If you have severe pain, an injury, or sudden illness that makes you believe your health is in danger, you have the right to be screened and stabilized using emergency services. You should be able to use these services whenever and wherever you need them, even if they’re out of your network, without needing to wait for authorization and without any financial penalty.
Taking part in treatment decisions
You have the right to be informed about your treatment options and take part in decisions about your care. You have the right to ask about the pros and cons of any treatment, including no treatment at all. As long as you are able to make sound decisions, you have the right to refuse any test or treatment, even if it means you might have a bad health outcome as a result. You can also legally choose someone who can speak for you if you cannot make your own decisions. Click on Advance Directives for more information on appointing someone to do this.
Respect and non-discrimination
You have a right to considerate, respectful care from your doctors, health plan representatives, and other health care providers that does not discriminate against you based on race, ethnicity, national origin, religion, sex, age, mental or physical disability, sexual orientation, genetic information, or source of payment.
Confidentiality (privacy) of health information
You have the right to talk privately with health care providers and have your health care information protected. You also have the right to read and copy your own medical record. You have the right to ask that your doctor change your record if it’s not correct, relevant, or complete.
Complaints and appeals
You have the right to a fair, fast, and objective review of any complaint you have against your health plan, doctors, hospitals, or other health care personnel. This includes complaints about waiting times, operating hours, the actions of health care personnel, and the adequacy of health care facilities.
In a health care system that protects consumer or patients’ rights, patients have certain responsibilities. For instance, patients must tell their health care providers about any drugs or supplements they are taking, and about health conditions and medical or surgical problems in the past or present. Patients must ask questions or request further information from health care providers if they do not completely understand health information and/or instructions they’ve been given.
Patients must also take responsibility for their lifestyles to help improve their own health. (For instance, following a treatment plan, exercising, and not using tobacco.) Having patients involved in their care increases the chance of the best possible outcomes and helps support a high quality, cost-conscious health care system.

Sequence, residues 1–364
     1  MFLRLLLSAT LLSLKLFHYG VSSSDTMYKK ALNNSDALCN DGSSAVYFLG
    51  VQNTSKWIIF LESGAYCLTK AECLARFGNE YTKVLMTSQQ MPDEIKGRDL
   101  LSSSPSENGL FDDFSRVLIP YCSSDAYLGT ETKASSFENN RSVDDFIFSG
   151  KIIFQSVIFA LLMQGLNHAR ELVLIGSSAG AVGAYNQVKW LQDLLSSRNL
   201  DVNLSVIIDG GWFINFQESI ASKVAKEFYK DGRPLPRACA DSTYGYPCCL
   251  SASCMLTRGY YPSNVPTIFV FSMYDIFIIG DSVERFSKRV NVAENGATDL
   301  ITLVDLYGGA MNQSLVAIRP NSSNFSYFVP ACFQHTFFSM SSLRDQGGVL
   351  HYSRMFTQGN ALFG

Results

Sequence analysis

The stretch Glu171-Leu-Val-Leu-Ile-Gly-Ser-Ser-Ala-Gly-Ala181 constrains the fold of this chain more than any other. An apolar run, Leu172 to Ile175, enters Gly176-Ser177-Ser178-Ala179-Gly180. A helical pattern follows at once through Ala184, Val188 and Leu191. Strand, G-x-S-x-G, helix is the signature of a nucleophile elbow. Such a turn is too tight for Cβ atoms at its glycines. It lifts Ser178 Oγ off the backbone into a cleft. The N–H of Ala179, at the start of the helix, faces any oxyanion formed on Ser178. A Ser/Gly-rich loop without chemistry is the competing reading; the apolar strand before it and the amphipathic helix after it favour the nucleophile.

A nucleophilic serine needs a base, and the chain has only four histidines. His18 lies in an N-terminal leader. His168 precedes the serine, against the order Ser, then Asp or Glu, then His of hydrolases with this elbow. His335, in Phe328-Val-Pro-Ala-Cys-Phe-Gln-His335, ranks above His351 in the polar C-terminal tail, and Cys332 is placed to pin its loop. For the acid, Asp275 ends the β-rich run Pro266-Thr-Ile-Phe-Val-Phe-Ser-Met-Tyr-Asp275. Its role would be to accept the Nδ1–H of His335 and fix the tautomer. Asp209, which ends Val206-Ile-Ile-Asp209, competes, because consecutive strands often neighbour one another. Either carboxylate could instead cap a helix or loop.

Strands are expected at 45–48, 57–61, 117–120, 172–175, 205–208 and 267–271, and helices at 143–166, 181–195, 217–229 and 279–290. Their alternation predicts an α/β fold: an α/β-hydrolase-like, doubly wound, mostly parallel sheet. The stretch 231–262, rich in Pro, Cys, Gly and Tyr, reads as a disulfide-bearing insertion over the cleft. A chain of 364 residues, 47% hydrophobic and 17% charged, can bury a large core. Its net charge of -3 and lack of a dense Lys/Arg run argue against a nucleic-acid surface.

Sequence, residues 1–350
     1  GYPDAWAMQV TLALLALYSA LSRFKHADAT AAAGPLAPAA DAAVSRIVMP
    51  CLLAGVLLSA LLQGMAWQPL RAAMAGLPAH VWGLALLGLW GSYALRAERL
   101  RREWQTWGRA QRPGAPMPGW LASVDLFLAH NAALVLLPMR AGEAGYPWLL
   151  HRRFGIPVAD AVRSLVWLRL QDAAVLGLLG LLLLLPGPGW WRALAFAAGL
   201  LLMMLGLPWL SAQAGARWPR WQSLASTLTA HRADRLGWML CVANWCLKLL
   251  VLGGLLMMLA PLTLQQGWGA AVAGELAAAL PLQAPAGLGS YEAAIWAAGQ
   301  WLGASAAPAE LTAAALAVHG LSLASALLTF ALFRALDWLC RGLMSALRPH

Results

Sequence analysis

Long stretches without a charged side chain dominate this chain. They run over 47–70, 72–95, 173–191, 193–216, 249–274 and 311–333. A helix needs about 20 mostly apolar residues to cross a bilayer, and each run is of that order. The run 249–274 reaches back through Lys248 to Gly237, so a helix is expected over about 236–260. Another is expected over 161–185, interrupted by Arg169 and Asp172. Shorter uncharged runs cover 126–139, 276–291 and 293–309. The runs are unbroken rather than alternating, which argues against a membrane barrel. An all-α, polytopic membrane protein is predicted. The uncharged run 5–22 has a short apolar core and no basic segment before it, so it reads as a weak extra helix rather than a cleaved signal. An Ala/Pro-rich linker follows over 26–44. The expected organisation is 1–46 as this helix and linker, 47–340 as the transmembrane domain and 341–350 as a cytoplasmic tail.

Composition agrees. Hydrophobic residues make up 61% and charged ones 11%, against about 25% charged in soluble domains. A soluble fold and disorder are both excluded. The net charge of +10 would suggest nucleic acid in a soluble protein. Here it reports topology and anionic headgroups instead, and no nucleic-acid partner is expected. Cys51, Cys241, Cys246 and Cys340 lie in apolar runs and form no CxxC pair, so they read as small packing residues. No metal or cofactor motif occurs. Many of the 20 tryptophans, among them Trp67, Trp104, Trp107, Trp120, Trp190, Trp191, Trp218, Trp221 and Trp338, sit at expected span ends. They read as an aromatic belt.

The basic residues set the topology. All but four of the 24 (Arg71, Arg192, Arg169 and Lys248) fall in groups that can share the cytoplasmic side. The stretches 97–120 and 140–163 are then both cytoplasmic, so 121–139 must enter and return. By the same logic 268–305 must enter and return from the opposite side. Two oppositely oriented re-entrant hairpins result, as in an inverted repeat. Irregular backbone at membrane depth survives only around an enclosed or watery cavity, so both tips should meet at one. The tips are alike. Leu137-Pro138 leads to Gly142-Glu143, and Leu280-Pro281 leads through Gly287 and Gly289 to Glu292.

Patients are also expected to do things like treat health care workers and other patients with respect, try to pay their medical bills, and follow the rules and benefits of their health plan coverage.
Other bills of rights
The 2 bills of rights discussed so far focus on health insurance plans, but there are others for different settings, like these:
- Mental health bill of rights
- Hospice patient’s bill of rights
- Rights of people in hospitals
Certain US states have their own bills of rights for patients. Insurance plans sometimes have lists of rights for subscribers. Many of these lists of rights tell you where to go or whom to talk with if you have a problem with your care.
The American Hospital Association (AHA) has a list of patient rights and responsibilities that can help a person be a more active partner in his or her health care when in the hospital. It’s an updated version of the first bill of rights from the AHA. (See below.)
Health insurance problems
If you have concerns about your insurance, it’s sometimes helpful to start with customer service or a case manager at your health insurance company.
National Organizations and Websites:
US Department of Health and Human Services
This site explains new patient rights with regard to health insurance under the 2010 Affordable Care Act.
American Hospital Association
Toll-free number: 1-800-242-2626 (this is the customer service/publication order line)
AHA’s Patient Care Partnership brochure teaches patients about rights and responsibilities in regard to their hospital stay. (It comes in English, Arabic, Chinese, Russian, Spanish, Tagalog, and Vietnamese.) The brochure is sold in bulk orders only and there’s a fee for non-members. To view the online version, click here.
National Library of Medicine
This site has information on patient rights along with many links to other sources of related information
Medicare Rights Center (for those with Medicare)
Toll-free number: 1-800-333-4114
This service can help you understand your rights and benefits, work through the Medicare system, and get quality care. They have newsletters, fact sheets, and a place to submit questions. They can also help you find programs that help reduce your costs for prescription drugs and medical care, and guide you through the appeals process if Medicare denies coverage for drugs or care you need.